Vitamin D and immune health

Because vitamin D is essential in helping your body absorb calcium, it’s not surprising you generally associate it with bone health. But, vitamin D is also linked to your immune health. Sunlight is the best way for your body to absorb vitamin D, which explains why some people question if staying inside can weaken your immune system.

The good news is you can boost your vitamin D intake through certain foods. You can also turn to supplements for help if you live in climates with limited sun exposure. Vitamin D deficiencies are a worldwide problem, especially in adults over the age of 70 due to less frequent sun exposure. Fatty fish, such as salmon, tuna or mackerel, and many commercial milk products have vitamin D. Cheese, mushrooms and egg yolks also contain small amounts of vitamin D.

Is there a link between vitamin D and COVID-19?

Vitamin D’s exact role in your immune system isn’t entirely clear, but researchers hypothesize it binds to existing cells to help fend off harmful pathogens. With COVID-19, several trials have studied vitamin D’s ability to help produce fewer cytokines and thus reduce inflammation.

Cytokine syndrome, or cytokine storm, is a common symptom in COVID-19 patients. Your body produces cytokine proteins that attach to cells to help regulate inflammation. In this case, the coronavirus disease causes excessive cytokine production that impacts your lungs and can cause organ failure.

The University of Chicago Medicine found data that supports vitamin D deficiency can play a role in contracting coronavirus disease, while another study found a correlation between vitamin D levels and the number of COVID-19 cases.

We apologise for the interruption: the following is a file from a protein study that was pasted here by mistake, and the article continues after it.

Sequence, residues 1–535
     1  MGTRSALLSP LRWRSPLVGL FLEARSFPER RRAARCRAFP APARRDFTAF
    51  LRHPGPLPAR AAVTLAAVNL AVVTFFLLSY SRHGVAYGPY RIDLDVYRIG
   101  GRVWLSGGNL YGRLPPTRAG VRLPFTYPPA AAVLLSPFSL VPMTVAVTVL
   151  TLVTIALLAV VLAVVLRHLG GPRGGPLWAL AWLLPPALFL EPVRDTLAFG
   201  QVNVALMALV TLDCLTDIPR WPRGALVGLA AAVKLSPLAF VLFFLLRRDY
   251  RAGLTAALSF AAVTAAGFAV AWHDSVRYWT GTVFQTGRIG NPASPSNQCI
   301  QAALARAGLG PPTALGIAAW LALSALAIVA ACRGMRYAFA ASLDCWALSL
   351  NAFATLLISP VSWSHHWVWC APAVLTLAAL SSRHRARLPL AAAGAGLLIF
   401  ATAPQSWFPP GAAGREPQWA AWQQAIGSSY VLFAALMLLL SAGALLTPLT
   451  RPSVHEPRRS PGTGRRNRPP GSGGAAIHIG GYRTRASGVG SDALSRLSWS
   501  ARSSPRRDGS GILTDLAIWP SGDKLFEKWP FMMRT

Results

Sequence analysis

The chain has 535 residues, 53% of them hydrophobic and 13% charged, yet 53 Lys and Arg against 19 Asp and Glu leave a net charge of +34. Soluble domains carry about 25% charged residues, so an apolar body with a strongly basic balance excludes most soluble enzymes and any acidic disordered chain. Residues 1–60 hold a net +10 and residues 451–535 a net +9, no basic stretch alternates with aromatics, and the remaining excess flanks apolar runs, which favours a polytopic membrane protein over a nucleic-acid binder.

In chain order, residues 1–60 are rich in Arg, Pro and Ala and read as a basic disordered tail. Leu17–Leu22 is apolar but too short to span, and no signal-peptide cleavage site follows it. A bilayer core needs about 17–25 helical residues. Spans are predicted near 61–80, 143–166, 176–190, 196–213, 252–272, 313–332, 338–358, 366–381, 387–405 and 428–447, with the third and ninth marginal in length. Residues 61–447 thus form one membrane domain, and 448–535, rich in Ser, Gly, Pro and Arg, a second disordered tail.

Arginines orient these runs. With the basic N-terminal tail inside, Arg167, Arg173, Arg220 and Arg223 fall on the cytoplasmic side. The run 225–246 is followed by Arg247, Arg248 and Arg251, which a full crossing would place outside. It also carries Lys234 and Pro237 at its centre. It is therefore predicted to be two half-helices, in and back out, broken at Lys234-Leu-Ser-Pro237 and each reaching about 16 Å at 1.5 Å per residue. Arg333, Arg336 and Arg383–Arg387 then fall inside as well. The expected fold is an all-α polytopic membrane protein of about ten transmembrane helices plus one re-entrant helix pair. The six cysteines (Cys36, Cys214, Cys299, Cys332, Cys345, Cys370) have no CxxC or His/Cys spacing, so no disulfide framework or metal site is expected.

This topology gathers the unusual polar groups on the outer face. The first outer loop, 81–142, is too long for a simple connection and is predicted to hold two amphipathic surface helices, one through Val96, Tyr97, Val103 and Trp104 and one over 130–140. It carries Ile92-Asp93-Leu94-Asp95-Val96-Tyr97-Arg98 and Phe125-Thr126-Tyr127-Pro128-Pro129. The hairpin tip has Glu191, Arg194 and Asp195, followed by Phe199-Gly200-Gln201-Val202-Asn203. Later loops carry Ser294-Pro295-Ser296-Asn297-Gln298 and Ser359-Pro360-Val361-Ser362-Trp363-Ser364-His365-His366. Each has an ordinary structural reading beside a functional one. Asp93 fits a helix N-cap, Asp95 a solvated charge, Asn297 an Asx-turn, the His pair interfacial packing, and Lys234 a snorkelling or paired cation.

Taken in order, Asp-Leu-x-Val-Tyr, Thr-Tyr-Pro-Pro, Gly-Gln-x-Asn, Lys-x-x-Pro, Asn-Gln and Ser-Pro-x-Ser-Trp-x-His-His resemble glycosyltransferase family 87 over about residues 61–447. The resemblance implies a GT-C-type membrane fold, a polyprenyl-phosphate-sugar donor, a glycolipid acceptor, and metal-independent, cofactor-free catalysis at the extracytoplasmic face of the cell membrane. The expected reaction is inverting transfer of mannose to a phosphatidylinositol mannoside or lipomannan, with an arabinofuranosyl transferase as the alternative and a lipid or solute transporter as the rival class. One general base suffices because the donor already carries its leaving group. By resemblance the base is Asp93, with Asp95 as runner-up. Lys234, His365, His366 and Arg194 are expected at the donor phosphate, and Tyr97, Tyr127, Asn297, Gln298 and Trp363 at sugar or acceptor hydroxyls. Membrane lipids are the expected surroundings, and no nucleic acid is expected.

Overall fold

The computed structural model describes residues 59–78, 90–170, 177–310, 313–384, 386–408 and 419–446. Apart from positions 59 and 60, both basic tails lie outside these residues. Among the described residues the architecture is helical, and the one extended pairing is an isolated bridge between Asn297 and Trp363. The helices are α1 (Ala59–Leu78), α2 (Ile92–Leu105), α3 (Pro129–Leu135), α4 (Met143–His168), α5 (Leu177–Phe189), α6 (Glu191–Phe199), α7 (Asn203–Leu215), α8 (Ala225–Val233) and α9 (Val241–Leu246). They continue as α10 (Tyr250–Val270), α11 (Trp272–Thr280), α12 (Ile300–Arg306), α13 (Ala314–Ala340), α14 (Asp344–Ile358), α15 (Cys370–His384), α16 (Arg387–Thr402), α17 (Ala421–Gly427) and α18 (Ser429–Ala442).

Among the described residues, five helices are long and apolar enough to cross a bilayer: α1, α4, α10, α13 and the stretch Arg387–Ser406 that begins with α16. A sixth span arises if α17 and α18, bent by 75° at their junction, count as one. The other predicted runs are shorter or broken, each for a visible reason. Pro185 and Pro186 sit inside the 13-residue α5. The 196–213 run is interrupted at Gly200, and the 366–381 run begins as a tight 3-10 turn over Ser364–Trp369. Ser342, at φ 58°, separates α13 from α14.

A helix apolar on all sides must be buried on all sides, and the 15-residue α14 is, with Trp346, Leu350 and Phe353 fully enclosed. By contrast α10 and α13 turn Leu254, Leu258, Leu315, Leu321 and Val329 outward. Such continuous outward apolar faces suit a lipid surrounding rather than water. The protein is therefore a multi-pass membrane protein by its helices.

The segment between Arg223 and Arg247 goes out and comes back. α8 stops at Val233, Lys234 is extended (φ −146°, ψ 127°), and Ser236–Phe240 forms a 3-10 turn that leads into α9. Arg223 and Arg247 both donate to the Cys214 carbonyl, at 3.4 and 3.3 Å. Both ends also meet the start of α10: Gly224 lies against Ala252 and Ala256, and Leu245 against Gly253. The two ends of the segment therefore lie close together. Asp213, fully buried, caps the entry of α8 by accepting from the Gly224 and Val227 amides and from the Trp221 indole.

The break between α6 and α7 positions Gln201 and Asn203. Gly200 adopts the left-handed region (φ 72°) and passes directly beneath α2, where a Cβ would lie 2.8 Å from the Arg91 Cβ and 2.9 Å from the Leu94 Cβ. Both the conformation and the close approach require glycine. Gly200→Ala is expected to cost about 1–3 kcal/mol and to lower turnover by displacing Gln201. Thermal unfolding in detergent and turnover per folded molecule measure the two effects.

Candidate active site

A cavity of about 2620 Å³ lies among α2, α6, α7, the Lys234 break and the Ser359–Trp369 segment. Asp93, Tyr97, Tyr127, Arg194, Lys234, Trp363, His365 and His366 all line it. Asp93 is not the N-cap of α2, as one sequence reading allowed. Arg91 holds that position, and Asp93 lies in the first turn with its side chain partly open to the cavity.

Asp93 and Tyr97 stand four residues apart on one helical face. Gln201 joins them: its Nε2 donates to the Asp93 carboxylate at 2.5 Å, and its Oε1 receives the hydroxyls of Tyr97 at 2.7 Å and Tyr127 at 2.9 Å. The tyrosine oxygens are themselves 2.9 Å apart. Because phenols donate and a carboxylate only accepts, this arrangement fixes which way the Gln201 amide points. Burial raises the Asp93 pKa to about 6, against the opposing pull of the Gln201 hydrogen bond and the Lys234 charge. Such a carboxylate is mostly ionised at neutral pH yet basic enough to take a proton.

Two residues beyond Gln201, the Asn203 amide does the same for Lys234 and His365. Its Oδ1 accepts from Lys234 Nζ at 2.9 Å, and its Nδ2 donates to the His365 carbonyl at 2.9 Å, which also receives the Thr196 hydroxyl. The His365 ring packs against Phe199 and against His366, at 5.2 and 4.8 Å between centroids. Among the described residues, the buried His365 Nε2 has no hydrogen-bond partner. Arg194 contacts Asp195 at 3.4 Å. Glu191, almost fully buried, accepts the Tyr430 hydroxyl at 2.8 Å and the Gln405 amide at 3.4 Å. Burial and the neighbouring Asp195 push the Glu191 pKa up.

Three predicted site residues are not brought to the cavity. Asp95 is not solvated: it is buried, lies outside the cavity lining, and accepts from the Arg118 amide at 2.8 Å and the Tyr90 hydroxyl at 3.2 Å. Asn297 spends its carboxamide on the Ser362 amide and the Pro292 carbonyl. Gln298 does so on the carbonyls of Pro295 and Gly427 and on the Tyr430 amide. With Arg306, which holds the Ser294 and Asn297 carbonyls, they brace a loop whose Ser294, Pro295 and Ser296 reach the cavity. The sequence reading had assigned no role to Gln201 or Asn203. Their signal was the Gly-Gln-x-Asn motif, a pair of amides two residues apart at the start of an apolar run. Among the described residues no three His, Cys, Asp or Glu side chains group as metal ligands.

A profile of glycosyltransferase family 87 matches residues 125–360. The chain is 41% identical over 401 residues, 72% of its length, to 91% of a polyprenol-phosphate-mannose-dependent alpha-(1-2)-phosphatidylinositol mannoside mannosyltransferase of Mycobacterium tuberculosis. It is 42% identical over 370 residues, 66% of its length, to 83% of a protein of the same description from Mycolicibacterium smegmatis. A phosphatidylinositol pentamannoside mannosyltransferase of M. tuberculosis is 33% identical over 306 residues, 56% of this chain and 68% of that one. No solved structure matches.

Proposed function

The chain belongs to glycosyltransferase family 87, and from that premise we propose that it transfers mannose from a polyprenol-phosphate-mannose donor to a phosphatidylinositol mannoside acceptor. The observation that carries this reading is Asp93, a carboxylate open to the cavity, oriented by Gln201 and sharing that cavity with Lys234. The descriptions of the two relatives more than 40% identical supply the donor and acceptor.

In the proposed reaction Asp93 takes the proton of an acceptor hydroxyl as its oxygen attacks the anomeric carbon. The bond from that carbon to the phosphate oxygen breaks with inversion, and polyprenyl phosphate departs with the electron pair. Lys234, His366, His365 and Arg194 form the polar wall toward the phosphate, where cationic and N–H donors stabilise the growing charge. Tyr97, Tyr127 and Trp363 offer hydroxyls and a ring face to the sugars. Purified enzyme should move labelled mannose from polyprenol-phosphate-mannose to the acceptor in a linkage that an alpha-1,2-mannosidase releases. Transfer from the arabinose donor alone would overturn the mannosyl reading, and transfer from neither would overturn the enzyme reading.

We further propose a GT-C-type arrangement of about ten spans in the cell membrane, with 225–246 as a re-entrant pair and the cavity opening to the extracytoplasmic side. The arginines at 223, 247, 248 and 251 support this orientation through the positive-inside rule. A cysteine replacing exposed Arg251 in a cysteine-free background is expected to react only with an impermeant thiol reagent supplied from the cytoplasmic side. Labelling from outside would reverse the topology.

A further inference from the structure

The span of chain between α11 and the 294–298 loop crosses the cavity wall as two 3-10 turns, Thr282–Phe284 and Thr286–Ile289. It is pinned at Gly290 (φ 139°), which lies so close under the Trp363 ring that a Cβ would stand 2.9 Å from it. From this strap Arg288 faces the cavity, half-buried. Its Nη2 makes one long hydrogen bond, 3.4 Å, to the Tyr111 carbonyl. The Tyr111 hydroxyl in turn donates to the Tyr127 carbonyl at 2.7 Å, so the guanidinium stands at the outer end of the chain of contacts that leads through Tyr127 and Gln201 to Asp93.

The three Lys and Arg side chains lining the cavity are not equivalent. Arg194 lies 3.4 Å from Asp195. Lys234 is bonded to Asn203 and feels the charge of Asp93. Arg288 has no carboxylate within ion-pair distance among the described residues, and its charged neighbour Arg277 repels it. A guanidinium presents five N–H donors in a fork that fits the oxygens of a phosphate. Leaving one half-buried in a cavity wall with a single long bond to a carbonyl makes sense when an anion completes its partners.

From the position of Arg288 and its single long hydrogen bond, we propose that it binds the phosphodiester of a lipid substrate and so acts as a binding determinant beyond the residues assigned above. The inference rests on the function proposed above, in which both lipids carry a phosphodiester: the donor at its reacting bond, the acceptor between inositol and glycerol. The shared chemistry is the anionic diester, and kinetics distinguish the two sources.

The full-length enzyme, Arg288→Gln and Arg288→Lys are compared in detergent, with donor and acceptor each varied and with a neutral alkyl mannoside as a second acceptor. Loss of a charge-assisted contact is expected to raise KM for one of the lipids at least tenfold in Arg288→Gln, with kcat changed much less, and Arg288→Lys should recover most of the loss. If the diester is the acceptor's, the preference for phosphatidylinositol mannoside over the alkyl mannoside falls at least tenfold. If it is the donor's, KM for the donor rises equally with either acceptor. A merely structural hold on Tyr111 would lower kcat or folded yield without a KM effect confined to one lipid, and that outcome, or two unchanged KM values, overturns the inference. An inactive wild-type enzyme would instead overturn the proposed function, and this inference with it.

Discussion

The hospital measured the current vitamin D levels of 499 patients compared to previous levels measured within the past year. The research showed patients with a vitamin D deficiency (measured as less than 20 ng/ml) were nearly two times more at risk of contracting COVID-19 compared to individuals who had recommended levels of vitamin D.

What does the recommended daily intake look like? It varies by age, but this info provides a general guide in International Units (IU).

  • Birth – 12 months: 400 IU
  • Children, Teens, Adults up to age 70: 600 IU
  • Adults age 70 and above: 800 IU

As a takeaway, remember that more research is needed and you shouldn’t view vitamin D solely as a way to limit or prevent COVID-19. Currently, medical professionals haven’t found a cure for the disease. If you’re outside, constant and prolonged sun exposure can damage your skin. Here’s a guide to the sunscreen basics you need to know.

How to build your immune system

It’s natural to wonder if your immune system can fight off coronavirus. A healthy immune system won’t prevent you from coming down with COVID-19 and it won’t cure the disease either. But, it can put your body in a better position to fend off illnesses.